Looking At Lucian – Review

As portraits go Henry Goodman creates a masterpiece in Alan Franks‘ unnerving play, Looking At Lucian even if the style and content is loosely constructed and frequently moves into surealism.

Looking At Lucian, which opened tonight in the Ustinov Studio of Theatre Royal Bath, does what it says on the palatte.

It’s a remarkable one-man exhibition from one of this country’s finest character actors who paints a vivid likeness of maverick artist, gambler, philanderer and prodigious breeder, Lucian Freud.

While the audience is looking at him, he has his eyes fixed on an invisible nude who is slouched at an impossibly uncomfortable angle with her legs apart.

This can be terribly disconcerting if you have a seat in about the second row on the right because Freud, nostrils flaring and eyes frequently wide-eyed with furious intent – fixes his stare just about there.

He spends the entire 100-minutes talking to his model, chiding her for being late, berating her for having redder soles than the day before and raging at her for her impatience.

But he also regales her with anecdotes about his famous sitters – the Queen (“We’d talk. Same age, same European ancestry – more or less,” he says), Jerry Hall, Kate Moss – and about his colourful life.

“I’m completely devoid of any homosexual tendencies,” he tells her. “I wait in hope…” and then the inveterate gambler admits a crush on, of all people, Lester Piggott.

Franks has sketched in lots of juicy quips for Goodman, whose demeanour, as the tempramental artist, veers wildly from spouting jolly poems to ridiculing his comtempories like Bacon and even mocking his fans.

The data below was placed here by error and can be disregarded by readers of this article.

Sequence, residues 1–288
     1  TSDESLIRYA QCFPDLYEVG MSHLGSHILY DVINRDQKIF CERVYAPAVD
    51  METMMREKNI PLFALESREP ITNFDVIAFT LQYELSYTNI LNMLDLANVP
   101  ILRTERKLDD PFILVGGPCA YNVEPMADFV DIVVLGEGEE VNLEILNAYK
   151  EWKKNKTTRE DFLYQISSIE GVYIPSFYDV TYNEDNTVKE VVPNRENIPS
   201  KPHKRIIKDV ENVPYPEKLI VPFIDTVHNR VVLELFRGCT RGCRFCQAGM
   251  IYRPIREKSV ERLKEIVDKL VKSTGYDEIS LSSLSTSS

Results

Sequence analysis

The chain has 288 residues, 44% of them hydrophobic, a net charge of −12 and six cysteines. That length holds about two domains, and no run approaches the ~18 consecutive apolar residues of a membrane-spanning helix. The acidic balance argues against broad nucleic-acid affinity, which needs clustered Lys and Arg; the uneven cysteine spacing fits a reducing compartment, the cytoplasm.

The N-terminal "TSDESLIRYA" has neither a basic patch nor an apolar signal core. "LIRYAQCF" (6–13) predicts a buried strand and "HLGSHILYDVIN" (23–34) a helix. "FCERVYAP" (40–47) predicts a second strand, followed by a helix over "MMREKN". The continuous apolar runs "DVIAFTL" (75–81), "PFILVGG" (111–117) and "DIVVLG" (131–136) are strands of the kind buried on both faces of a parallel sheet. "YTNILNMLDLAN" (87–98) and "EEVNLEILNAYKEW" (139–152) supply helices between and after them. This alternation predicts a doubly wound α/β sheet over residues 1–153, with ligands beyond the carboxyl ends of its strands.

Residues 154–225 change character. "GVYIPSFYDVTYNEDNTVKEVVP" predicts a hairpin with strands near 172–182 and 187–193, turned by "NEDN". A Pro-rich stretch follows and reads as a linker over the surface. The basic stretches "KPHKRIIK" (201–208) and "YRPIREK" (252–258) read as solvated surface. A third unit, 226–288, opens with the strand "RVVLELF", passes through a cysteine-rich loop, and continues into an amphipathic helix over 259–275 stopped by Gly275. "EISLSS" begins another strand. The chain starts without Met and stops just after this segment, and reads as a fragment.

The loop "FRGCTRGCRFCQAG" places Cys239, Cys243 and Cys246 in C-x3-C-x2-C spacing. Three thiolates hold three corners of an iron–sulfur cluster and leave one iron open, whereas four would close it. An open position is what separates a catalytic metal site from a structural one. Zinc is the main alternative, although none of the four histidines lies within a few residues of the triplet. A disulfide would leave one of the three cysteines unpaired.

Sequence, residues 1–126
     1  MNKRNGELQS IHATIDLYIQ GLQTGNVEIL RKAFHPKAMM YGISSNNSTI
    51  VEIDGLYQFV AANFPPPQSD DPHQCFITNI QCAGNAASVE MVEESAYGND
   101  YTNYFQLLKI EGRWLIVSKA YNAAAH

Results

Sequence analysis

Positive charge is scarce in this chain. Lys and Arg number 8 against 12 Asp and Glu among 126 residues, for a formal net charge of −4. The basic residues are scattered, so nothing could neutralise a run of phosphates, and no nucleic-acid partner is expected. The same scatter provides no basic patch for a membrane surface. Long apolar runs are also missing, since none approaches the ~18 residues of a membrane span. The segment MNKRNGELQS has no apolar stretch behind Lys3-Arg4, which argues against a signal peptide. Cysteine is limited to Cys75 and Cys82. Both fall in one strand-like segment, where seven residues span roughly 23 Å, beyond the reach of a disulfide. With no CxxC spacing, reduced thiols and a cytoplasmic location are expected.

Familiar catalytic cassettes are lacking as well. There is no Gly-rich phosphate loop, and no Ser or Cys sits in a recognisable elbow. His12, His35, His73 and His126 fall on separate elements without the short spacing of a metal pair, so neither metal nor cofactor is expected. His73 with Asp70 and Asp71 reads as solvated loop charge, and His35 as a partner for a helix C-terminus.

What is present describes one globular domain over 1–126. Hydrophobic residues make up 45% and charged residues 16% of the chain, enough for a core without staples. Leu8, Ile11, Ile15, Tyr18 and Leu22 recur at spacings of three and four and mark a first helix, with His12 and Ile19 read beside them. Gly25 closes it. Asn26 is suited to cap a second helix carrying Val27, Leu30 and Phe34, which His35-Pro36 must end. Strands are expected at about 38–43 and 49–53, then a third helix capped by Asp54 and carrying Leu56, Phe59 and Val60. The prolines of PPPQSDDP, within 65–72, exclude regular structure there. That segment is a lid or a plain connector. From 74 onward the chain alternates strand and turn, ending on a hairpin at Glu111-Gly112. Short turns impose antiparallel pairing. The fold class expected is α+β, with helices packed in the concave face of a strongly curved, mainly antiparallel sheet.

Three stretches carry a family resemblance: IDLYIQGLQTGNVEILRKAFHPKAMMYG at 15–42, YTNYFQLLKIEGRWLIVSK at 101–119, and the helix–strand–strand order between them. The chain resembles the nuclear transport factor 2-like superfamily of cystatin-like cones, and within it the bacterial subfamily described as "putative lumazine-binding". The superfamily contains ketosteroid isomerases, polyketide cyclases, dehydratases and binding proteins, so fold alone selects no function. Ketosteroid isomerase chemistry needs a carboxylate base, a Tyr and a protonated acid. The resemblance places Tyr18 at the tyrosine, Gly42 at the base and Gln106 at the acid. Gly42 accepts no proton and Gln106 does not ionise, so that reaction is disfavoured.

“Yes, I am aware that Prince Charles paints…..at least that’s what he calls it!” he sneers.

The father of 14 – or it could be 40 – is affronted when the press accuse him of having 500 lovers (“It was far more than that!).

But, one brush stroke at a time, his canvas fills with fine detail about his sometimes shocking and controversial life while he attempts to complete his latest portrait.

There are a few moments when Tom Attenborough’s direction is less sure of itself. Franks’ play demands a lot from Goodman who has nothing but his imagination to play off.

However this consumate actor doesn’t take his eye off his complex subject for a moment, delivering a outstanding performance.

The entire piece takes place in Freud’s paint-splattered studio. The walls look like they’ve had a visit from Jackson Pollock and paint-stained rags litter the floor.

Freud is, in turn, passionate and consumed, then fiery and impatient, and finally jocular, poking fun at the likes of Mick Jagger and the late Jimmy Goldsmith.

Nothing gets in the way of the painting. Not tardiness, betrayal or his sitter’s boredom.

Frustratingly we never get to see the finished piece, and we can only guess who his illustrious model was, but every brushstroke is beautifully applied by a master in this riveting and revelatory study of a great artist at work.

Looking At Lucian runs at the Ustinov Studio until September 2.

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